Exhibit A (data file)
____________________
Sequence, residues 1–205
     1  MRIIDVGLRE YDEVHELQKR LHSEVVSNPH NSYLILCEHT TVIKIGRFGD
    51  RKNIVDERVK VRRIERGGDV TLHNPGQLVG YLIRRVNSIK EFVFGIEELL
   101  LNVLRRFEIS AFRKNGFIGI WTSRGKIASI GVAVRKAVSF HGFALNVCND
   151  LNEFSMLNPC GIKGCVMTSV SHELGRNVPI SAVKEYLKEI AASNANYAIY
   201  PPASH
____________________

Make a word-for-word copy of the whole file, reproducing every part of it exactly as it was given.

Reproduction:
Sequence, residues 1–205
     1  MRIIDVGLRE YDEVHELQKR LHSEVVSNPH NSYLILCEHT TVIKIGRFGD
    51  RKNIVDERVK VRRIERGGDV TLHNPGQLVG YLIRRVNSIK EFVFGIEELL
   101  LNVLRRFEIS AFRKNGFIGI WTSRGKIASI GVAVRKAVSF HGFALNVCND
   151  LNEFSMLNPC GIKGCVMTSV SHELGRNVPI SAVKEYLKEI AASNANYAIY
   201  PPASH